Mister Goodnite Rises and Shines

Photo credit: Chris Maroulakos
Photo credit: Chris Maroulakos

Download: Mister Goodnite – “In Lieu”

We Owl and Bear folk are big fans of Mini Mansions. Ever since we first set ears on their 2010 self-titled debut, we’ve been smitten with the LA trio’s moody atmospheres and ’60s-inspired harmonies. And while that band began as a side project for Queens of the Stone Age bassist Michael Shuman, now another Mini Mansions member has unveiled a side band of their own.

Mister Goodnite is the new “ghostface-pop” project from Mini Mansions vocalist/keyboardist Tyler Parkford. The concept involves Parkford singing new songs over old psych, prog, and soul records. The result is a fascinating blend of the old and the modern that brings out the best of both worlds.

As one might expect from a Mini Mansions resident, the story behind the project’s inception is a bit on the dark side.

“The project started as a story I made up about some dude in Los Angeles who dies in a car crash and is doomed to spend eternity in purgatory as a lounge singer, singing to a crowd of other seedy poltergeists,” Parkford told us.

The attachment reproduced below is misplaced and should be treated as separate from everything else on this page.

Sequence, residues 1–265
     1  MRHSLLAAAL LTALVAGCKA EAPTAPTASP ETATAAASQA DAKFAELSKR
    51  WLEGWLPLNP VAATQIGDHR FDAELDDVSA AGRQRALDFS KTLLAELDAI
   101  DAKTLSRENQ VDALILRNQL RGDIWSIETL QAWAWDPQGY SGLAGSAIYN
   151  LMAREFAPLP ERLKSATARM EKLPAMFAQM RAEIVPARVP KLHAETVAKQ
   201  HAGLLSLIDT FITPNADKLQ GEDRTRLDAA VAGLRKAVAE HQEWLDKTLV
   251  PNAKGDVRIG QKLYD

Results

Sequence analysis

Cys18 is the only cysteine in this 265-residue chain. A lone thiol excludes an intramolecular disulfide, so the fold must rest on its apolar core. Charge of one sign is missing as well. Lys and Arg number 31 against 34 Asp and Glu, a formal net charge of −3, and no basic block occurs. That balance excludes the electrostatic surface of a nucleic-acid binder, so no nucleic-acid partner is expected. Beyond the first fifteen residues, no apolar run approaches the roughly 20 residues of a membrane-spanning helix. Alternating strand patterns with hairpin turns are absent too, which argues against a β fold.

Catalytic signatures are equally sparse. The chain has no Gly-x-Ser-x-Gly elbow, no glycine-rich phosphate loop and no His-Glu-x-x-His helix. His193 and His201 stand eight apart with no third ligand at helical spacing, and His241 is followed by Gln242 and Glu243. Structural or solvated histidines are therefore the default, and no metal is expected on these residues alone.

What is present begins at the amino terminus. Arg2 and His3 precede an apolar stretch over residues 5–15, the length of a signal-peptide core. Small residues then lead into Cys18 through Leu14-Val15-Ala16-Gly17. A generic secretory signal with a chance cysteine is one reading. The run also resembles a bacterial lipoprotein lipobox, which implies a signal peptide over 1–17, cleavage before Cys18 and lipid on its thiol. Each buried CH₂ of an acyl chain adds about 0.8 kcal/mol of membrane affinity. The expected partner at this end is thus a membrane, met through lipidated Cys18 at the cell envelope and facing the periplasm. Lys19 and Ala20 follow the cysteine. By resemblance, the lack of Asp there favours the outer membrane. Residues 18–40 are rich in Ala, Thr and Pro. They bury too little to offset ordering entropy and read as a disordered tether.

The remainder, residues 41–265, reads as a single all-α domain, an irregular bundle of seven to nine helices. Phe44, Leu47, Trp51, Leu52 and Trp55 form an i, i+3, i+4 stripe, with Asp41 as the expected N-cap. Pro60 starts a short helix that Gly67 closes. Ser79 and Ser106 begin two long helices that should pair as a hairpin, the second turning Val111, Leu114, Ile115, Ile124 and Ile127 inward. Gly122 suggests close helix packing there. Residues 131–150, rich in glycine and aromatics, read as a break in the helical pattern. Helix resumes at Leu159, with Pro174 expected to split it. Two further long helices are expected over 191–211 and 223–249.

“It’s like a gritty Ralph Bakshi animation,” he said. “He can’t play any instruments, so instead he sings over all these projected memories that the ghosts carry from their past lives. Long-lost soul ballads and murky ’70s AM pop that they used to hear in the car as a kid before they bit the dust. But the lounge singer doesn’t know the lyrics to most of these songs, so he just wings it and sings his own melodies and words over each track.”

The desire for a listener to make up their own lyrics to a song appealed to Parkford.

“I think it’s pretty universal to improvise vocal melodies over the radio when your stuck in shitty traffic or in the shower,” Parkford said. “I love catching people do that. I’m just taking that a step further and singing my own own songs using only old record samples as the backdrop.”

The brilliance of that decision is immediately apparent on tracks like “In Lieu,” which marries a careening backing track with a wonderful, understated vocal from Parkford. The bass- and sax-heavy “You’re Too Cool” and the sauntering “Love Fast Die Drunk” prove that Mister Goodnite’s formula is no fluke, and we can’t wait to hear whatever comes next from the project.

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